Poetry as a life companion
Elizabeth Heathcote finds that an anthology of poems makes a great companion to life
Anthologies are a great way into poetry – a taster of many different writers and of course you often get the pick of their crop. I have been reading Penguin’s Poems For Life, selected by Laura Barber, a collection arranged around the different life stages. The joy of an anthology is the mix of half-known classics and new finds and there are some great companions for life here.
I laughed my way through my first full-length reading of Philip Larkin’s reflections on work as a Toad that he allows to “squat on my life”:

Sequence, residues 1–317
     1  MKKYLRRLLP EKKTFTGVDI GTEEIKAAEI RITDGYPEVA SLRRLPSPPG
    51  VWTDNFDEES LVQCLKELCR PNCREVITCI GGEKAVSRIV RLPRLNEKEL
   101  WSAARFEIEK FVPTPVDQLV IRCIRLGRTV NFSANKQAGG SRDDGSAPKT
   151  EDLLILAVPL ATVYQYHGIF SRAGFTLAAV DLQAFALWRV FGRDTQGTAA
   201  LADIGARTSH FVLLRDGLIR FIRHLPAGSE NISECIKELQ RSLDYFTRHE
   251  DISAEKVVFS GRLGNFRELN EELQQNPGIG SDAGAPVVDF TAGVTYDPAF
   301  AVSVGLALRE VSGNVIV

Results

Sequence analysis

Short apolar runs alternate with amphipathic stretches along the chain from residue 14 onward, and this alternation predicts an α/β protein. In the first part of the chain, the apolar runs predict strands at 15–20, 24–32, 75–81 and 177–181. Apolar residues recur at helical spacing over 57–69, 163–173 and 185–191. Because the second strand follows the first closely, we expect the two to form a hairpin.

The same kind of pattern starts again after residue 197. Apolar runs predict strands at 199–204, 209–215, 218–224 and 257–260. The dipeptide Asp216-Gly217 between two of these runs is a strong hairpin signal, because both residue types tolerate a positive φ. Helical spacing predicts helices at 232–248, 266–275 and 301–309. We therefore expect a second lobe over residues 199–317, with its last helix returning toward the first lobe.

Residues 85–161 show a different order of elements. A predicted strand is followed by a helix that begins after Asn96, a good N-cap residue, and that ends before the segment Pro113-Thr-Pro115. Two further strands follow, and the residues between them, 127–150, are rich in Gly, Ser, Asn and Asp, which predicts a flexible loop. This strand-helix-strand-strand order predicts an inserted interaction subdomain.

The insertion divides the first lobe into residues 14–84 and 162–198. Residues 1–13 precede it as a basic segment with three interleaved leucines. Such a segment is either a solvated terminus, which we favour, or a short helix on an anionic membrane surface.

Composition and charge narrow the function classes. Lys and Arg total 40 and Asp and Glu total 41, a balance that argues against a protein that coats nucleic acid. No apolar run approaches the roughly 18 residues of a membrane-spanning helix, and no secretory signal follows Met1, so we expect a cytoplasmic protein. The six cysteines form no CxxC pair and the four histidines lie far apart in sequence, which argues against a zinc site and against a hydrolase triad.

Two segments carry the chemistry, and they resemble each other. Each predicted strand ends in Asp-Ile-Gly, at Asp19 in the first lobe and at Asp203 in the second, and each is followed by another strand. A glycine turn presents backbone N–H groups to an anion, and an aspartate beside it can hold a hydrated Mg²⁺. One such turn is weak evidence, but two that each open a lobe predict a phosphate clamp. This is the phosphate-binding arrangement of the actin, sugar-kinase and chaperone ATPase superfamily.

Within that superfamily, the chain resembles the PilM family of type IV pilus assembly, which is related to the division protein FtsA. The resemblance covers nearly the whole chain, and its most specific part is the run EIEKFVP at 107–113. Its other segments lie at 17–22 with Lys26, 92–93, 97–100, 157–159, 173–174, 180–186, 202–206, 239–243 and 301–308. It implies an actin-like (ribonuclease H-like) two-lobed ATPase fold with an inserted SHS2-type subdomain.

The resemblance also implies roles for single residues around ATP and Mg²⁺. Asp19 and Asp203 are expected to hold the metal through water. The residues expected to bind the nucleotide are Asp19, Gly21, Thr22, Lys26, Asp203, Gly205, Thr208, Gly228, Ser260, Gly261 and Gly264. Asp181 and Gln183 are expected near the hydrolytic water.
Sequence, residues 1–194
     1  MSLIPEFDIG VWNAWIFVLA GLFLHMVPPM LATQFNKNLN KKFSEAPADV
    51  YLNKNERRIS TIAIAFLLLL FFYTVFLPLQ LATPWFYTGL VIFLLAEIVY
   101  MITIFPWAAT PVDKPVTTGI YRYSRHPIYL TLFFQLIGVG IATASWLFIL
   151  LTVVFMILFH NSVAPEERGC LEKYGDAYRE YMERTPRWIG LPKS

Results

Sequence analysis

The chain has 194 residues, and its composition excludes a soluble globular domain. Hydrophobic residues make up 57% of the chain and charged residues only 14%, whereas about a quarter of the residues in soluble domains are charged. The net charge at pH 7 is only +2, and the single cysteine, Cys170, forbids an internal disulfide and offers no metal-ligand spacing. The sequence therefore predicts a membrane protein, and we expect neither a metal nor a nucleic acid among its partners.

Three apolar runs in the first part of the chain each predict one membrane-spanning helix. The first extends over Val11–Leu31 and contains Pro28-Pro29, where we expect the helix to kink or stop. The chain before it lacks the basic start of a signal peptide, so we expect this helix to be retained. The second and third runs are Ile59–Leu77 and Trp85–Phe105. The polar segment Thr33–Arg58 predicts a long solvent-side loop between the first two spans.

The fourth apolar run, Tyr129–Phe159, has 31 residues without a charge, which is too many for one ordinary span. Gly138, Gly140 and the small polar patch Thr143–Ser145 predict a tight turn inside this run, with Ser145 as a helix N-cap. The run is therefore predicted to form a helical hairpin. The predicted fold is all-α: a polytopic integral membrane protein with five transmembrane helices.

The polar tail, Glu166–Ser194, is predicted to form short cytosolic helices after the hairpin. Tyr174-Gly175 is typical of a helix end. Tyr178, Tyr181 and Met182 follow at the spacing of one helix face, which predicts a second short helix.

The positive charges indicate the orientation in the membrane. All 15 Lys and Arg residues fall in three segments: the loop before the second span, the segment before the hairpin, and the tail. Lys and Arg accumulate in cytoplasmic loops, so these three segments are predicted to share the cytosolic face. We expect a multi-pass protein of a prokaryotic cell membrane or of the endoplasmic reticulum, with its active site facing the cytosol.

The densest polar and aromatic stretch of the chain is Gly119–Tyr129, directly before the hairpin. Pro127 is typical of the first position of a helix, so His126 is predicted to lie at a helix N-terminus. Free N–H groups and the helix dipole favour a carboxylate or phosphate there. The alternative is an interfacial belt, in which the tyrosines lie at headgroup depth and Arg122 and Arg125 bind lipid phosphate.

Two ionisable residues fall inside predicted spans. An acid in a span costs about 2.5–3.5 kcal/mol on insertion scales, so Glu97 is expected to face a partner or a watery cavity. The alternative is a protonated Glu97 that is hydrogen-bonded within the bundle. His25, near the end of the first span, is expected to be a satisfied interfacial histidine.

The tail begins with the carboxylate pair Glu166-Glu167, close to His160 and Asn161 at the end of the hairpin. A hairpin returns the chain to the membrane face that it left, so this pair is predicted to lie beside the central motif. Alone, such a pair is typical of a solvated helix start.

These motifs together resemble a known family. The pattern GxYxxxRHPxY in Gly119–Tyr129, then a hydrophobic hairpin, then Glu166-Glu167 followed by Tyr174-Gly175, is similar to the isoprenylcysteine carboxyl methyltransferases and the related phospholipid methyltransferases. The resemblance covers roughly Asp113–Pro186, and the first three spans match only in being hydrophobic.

Six days of the week it soils
With its sickening poison –
Just for paying a few bills!
That’s out of proportion…
I felt a sigh like Robert Frost’s own reading The Road Not Taken, about the traveller who meets a fork in his path and has to choose, not knowing until the final verse that his decision will prove irrevocable:
I shall be telling this with a sigh
Somewhere ages and ages hence;
Two roads diverged in a wood, and I –
I took the one less travelled by,
And that has made all the difference.
And among my new discoveries was Carmen Bugan’s A house of stone – well-wishes to newlyweds. This verse rang particularly true to me – in a good way.
When you imagine that you have shared everything
May you know that you still have the rest of your lives
To do all of it again and again.
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